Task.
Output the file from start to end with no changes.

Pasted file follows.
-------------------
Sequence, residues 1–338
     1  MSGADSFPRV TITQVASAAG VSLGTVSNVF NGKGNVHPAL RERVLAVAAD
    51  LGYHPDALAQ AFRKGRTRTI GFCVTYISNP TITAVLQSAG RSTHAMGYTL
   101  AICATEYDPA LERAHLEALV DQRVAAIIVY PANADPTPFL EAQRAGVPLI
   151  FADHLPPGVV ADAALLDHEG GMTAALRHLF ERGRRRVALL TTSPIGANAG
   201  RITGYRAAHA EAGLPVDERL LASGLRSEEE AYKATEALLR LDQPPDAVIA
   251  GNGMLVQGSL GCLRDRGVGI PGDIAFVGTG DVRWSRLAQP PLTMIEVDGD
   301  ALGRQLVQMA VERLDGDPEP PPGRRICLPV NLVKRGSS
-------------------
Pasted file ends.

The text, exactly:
Sequence, residues 1–338
     1  MSGADSFPRV TITQVASAAG VSLGTVSNVF NGKGNVHPAL RERVLAVAAD
    51  LGYHPDALAQ AFRKGRTRTI GFCVTYISNP TITAVLQSAG RSTHAMGYTL
   101  AICATEYDPA LERAHLEALV DQRVAAIIVY PANADPTPFL EAQRAGVPLI
   151  FADHLPPGVV ADAALLDHEG GMTAALRHLF ERGRRRVALL TTSPIGANAG
   201  RITGYRAAHA EAGLPVDERL LASGLRSEEE AYKATEALLR LDQPPDAVIA
   251  GNGMLVQGSL GCLRDRGVGI PGDIAFVGTG DVRWSRLAQP PLTMIEVDGD
   301  ALGRQLVQMA VERLDGDPEP PPGRRICLPV NLVKRGSS